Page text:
When women first became rabbis, many of us wore navy or black suits. It was as close to male rabbinic attire as you could get. And then we changed. We realized that we neither had to look like or sound like male rabbis. We not only changed our clothes; we changed Judaism. Our being women wasn’t the only point, but neither was it beside the point. We pulled up a seat to tradition’s table and rearranged the place settings. It made a revolution. It transformed prayer, community, Torah, history, and theology. In 50 years, it has transformed Judaism.   

Moving from the classroom to the pulpit, from texts to people, from year to year, changes you. Somehow you are less sure about life. How can you be so certain when you touch life’s fragile boundaries? How can you not become someone other than who you were when you witness spirit and courage in the face of overwhelming misfortune?   

Here is what I shall always carry in my heart—the terrible pain of losses that happened out of season; the ache of burying a friend; the resilience of those who grieved and still had the ability to get up, to go on and even to sing; the little girl whose mother had just died who asked me, “Who will brush my hair in the morning?” And the little boy whose mother was dying who said, “I would like to call God, Healer.”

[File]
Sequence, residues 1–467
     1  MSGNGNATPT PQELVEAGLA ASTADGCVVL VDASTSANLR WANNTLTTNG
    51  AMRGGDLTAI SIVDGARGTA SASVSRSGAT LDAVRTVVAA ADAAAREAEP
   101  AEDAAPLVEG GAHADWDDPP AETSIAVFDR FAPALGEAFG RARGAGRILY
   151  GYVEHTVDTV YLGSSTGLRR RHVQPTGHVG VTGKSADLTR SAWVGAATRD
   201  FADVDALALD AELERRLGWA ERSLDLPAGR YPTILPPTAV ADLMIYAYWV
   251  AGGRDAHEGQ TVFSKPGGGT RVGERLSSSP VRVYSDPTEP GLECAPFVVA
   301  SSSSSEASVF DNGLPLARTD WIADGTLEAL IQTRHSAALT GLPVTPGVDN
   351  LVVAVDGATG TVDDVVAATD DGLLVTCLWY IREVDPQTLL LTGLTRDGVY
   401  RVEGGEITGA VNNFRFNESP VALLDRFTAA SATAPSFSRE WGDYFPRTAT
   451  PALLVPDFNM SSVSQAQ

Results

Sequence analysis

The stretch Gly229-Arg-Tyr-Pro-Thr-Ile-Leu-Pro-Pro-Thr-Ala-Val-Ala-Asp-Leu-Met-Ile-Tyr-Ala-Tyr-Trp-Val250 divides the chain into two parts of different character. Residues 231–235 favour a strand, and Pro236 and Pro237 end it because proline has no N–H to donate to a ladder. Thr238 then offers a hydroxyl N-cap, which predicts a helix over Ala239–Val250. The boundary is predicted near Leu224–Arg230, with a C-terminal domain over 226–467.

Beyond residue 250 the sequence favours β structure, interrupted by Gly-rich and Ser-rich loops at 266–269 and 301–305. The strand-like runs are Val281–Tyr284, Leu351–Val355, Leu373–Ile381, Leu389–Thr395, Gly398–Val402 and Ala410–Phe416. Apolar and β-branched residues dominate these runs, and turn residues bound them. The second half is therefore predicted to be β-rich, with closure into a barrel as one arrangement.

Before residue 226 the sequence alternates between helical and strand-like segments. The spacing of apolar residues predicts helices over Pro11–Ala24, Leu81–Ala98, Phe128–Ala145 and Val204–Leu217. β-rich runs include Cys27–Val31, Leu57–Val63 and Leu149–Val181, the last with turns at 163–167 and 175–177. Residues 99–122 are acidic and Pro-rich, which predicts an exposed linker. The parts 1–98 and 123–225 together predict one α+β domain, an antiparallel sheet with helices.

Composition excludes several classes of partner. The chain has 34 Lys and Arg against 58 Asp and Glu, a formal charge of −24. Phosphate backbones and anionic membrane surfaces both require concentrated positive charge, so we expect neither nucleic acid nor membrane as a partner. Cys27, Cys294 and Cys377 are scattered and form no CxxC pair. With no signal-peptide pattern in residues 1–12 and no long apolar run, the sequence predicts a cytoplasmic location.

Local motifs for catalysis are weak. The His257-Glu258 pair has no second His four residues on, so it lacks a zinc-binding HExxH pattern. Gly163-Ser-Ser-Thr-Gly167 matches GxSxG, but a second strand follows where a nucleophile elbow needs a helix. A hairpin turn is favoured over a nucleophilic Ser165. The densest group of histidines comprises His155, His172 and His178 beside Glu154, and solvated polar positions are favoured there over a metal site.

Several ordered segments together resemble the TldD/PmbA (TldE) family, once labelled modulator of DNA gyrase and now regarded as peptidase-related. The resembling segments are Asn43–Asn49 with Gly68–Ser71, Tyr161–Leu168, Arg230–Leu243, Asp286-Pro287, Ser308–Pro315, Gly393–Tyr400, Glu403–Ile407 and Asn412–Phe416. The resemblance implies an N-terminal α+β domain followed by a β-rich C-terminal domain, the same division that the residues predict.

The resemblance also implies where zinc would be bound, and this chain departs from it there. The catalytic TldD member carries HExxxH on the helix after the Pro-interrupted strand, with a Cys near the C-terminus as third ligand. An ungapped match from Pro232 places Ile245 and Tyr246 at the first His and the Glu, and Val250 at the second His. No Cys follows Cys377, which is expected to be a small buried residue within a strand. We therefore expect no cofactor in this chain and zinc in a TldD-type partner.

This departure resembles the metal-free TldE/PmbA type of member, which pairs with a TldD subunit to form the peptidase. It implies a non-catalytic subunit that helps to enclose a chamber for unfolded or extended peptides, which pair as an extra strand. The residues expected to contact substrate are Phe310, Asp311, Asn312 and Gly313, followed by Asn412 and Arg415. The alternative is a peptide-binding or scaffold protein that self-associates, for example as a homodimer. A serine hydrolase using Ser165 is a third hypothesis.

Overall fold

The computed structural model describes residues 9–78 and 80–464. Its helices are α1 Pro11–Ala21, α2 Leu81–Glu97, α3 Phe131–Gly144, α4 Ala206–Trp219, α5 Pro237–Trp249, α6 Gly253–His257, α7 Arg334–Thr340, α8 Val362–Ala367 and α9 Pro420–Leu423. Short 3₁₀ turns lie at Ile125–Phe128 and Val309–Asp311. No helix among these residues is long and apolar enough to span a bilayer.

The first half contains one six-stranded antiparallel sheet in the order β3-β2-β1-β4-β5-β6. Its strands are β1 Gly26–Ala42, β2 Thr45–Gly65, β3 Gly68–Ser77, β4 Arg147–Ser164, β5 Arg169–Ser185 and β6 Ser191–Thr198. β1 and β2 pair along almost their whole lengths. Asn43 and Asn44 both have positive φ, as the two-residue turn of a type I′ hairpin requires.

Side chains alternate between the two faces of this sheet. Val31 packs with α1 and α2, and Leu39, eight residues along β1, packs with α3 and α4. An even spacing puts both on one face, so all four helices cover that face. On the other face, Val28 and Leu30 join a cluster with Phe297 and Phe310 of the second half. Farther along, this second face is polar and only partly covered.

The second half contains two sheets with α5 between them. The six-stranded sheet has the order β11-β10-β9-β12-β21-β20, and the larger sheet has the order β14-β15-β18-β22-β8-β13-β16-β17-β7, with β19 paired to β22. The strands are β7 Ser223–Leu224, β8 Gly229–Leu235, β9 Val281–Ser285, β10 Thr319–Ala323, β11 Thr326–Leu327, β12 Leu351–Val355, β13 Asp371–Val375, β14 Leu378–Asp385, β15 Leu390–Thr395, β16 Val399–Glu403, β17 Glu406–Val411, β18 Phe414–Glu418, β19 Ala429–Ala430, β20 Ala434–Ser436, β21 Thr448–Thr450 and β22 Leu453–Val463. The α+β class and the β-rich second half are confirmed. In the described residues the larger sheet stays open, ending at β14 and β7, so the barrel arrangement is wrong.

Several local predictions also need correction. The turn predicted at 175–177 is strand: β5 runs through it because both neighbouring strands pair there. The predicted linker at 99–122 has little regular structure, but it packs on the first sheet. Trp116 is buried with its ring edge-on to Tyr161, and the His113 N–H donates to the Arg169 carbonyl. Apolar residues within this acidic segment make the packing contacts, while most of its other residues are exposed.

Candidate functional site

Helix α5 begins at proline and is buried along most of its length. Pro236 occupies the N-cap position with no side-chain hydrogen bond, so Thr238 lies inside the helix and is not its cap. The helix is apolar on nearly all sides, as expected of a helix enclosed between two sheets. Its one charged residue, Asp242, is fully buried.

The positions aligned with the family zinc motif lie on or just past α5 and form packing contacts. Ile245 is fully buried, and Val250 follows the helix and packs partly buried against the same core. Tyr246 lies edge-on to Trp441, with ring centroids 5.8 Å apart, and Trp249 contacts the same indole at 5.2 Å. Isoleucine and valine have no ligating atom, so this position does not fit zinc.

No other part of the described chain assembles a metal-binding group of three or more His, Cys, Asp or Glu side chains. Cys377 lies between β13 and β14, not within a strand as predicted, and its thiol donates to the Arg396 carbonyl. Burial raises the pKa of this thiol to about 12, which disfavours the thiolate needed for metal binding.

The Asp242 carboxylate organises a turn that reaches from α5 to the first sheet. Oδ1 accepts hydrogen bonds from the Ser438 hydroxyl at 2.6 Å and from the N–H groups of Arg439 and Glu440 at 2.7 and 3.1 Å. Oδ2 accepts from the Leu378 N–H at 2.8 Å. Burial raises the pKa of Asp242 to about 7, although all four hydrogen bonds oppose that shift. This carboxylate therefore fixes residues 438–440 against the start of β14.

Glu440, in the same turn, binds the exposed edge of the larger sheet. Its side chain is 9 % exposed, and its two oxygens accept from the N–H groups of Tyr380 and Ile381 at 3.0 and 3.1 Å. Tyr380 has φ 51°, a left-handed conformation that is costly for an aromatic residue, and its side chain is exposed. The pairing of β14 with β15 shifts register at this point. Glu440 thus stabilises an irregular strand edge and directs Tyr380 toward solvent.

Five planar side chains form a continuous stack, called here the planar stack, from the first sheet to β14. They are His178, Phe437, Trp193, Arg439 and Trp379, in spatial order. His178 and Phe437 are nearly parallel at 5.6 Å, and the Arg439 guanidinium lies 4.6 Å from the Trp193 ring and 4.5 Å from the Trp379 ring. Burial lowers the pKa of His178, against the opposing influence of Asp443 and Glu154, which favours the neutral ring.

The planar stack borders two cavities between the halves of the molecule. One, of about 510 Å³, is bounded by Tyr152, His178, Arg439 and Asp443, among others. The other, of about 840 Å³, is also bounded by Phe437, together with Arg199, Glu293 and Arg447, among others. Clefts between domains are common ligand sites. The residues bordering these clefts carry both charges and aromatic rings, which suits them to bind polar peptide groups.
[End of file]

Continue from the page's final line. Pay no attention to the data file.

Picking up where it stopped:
It was then that I fully understood chesed, “grace.” Christianity discovered grace in Judaism, and then Judaism seemed to forget about it. One of the things that gets you through life’s difficult moments is chesed. You can’t make it happen and it doesn’t happen all the time you need it; but it happens now and again, and whenever it does, from wherever it comes, we must simply accept it and be grateful.   

Here is what I have learned from people to whom life was not gracious, but who made their own grace, people who had every reason to give up on life, but didn’t, who had every right to be bitter and angry and who were kind. This is what matters—a good word, a warm embrace, presence.